Hispanic Heritage Month Showcase: Maj. Manuel John “Pete” Fernandez, Jr.

  • Published
  • By Mark Wilderman, 375th Air Mobility Wing Historian

Major Manuel John “Pete” Fernandez, Jr. (1925-1980)

Maj. Manuel John “Pete” Fernandez, Jr. was the third highest scoring U.S. Air Force and American ace of the Korean War with 14.5 victories. He was awarded the Distinguished Service Cross and the Silver Star for extraordinary heroism in Korea on March 21, 1953.

Pete Fernandez was born in Key West, Florida, on April 19, 1925. His grandparents emigrated from Spain to Cuba before settling in the United States. His father, an early amateur enthusiast, became chief radio operator for the new Pan American World Airways, then pioneering the air routes to the Caribbean and Latin America. Pete earned his private pilot’s license at age 15. He enlisted in the Army Air Corps after graduating from High School in 1943, entering the Aviation Cadet Program. He was commissioned as a Second Lieutenant and received his wings on November 20, 1944.  He became a pilot instructor at Midland, Texas, followed by instructor assignments in San Jose, Guatemala, and Panama. He didn’t experience any aerial combat in WWII.

He reenlisted in the new U.S. Air Force and flew Lockheed F-80 fighter escort missions to protect the slower cargo planes that were the backbone of the Berlin Airlift of 1948-49 with the 23rd Fighter Squadron, 56th Fighter Group.

After nearly a decade of Air Force service, he finally experienced battle in the skies over Korea and China during the Korean War, flying 124 missions with the 334th Fighter Interceptor Squadron. In just eight months of combat flying, he scored 14.5 victories, becoming the leading U.S. Korean War ace at the time of his return to the U.S. However, one of his former students, Capt. Joseph McConnell, eventually exceeded his tally with 16 victories, to become the U.S. Korean War's top ace.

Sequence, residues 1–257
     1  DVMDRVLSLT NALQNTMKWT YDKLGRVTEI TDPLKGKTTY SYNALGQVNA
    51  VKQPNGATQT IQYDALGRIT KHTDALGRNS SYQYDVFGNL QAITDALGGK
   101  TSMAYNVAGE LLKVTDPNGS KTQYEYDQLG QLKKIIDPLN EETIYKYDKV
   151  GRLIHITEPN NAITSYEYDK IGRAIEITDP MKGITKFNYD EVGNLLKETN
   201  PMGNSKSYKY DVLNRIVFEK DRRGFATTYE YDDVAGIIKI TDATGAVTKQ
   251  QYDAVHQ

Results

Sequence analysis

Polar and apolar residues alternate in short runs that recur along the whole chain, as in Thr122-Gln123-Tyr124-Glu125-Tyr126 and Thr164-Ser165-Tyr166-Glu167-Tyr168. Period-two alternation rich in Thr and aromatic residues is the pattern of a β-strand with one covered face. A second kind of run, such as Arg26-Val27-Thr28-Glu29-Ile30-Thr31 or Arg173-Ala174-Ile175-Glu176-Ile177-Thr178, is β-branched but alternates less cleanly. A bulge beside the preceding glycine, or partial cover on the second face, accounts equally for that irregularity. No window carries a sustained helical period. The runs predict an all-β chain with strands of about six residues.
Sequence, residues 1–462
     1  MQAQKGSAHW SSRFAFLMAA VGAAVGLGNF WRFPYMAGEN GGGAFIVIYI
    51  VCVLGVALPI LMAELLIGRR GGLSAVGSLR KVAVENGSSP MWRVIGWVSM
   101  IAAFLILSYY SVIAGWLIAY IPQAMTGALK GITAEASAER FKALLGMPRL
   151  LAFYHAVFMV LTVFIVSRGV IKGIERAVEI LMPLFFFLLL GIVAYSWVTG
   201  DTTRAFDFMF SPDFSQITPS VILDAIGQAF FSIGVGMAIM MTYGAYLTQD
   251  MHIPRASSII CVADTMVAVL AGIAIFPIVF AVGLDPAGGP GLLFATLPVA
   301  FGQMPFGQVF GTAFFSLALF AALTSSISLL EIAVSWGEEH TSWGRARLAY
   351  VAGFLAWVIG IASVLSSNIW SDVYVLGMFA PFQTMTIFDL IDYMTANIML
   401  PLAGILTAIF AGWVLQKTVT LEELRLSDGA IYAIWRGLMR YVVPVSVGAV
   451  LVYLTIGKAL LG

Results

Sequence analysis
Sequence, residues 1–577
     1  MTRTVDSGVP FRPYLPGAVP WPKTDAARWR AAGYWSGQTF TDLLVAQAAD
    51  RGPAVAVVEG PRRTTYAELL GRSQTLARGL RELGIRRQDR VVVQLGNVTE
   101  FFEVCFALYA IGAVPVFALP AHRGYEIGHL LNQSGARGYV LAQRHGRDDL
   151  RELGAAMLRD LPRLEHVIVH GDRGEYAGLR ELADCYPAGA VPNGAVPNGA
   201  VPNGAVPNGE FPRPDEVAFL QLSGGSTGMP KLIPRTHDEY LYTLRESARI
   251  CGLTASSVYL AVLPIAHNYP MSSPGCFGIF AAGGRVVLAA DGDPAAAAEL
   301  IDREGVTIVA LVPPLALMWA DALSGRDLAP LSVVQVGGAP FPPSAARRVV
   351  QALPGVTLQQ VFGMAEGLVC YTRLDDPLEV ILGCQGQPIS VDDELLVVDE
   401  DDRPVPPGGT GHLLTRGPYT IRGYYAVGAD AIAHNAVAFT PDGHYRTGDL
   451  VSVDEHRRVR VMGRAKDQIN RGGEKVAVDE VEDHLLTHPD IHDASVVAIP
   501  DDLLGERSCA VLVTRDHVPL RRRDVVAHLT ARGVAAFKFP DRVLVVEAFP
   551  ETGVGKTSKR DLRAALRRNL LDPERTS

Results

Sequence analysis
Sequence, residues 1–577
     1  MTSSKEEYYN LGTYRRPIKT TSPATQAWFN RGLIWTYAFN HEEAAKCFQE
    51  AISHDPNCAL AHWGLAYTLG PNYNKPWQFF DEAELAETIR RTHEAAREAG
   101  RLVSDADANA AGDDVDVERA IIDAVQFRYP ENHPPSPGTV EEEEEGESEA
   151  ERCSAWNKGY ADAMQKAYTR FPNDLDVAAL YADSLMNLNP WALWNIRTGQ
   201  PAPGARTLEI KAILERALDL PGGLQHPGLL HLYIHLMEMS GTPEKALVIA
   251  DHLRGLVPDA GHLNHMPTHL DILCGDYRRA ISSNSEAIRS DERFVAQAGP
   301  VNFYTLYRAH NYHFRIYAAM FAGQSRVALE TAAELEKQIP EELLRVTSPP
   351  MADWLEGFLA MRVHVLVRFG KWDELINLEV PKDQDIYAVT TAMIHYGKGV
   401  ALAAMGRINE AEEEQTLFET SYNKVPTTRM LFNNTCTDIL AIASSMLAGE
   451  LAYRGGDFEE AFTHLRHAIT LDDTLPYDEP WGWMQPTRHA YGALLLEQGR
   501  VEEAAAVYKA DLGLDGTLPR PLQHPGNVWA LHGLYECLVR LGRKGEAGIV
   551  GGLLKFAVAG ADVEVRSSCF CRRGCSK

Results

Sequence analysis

After returning from Korea, he was assigned to the Ninth Air Force at Pope Air Force Base, North Carolina (August-September 1953) and then served in a series of fighter squadrons at George Air Force Base, California (November 1953-October 1956). 

In 1956, he won the prestigious Bendix Trophy Race from Los Angeles to Oklahoma City in an F-100 Super Saber maximizing his speed and minimizing his fuel consumption with old tricks learned in aerial combat in Korea. His next assignment was at Edwards Air Force Base, California (October 1956-April 1957). As a Reserve officer, he attempted to enter the Test Pilot School field in order to make rank to earn a Regular commission, allowing him to be eligible for higher command and remain on active duty past 20 years of service. Unfortunately, the Test Pilot School was beginning to place a high degree of emphasis on aerospace engineering, and Pete was academically underqualified, having just a high school diploma.  He served as an Air Force Recruiter at Coral Gables, Florida, and then Robins Air Force Base, Georgia, from April 1957 to January 1960.  In August 1960, he was sent to Buenos Aires, Argentina, as an advisor to the Argentine Air Force. He retired with the rank of Major in the Reserves upon reaching twenty years’ service on July 1, 1963. 

Maj. Pete Fernandez died in a plane crash on October 18, 1980 at the age of 55. He was buried in Arlington National Cemetery. His decorations included the Distinguished Service Cross, Silver Star, Distinguished Flying Cross with one bronze oak leaf and the Air Medal with one bronze oak leaf.